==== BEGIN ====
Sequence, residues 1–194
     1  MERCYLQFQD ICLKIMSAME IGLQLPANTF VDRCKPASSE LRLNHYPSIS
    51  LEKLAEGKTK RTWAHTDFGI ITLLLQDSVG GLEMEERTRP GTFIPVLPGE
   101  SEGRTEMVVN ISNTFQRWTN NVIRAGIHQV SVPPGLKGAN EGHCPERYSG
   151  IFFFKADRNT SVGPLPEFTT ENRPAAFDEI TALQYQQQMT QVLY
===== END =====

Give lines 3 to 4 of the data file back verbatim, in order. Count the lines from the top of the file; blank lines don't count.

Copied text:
    51  LEKLAEGKTK RTWAHTDFGI ITLLLQDSVG GLEMEERTRP GTFIPVLPGE
   101  SEGRTEMVVN ISNTFQRWTN NVIRAGIHQV SVPPGLKGAN EGHCPERYSG